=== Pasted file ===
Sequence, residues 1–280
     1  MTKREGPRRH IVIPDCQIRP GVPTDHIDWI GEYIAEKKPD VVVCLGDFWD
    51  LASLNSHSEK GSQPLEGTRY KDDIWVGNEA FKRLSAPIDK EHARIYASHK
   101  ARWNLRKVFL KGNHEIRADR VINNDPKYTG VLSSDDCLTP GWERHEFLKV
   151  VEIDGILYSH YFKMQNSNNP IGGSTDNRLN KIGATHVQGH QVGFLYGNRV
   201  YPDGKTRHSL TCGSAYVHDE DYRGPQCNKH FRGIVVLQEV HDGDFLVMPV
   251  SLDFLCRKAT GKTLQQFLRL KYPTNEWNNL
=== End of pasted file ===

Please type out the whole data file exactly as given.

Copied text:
Sequence, residues 1–280
     1  MTKREGPRRH IVIPDCQIRP GVPTDHIDWI GEYIAEKKPD VVVCLGDFWD
    51  LASLNSHSEK GSQPLEGTRY KDDIWVGNEA FKRLSAPIDK EHARIYASHK
   101  ARWNLRKVFL KGNHEIRADR VINNDPKYTG VLSSDDCLTP GWERHEFLKV
   151  VEIDGILYSH YFKMQNSNNP IGGSTDNRLN KIGATHVQGH QVGFLYGNRV
   201  YPDGKTRHSL TCGSAYVHDE DYRGPQCNKH FRGIVVLQEV HDGDFLVMPV
   251  SLDFLCRKAT GKTLQQFLRL KYPTNEWNNL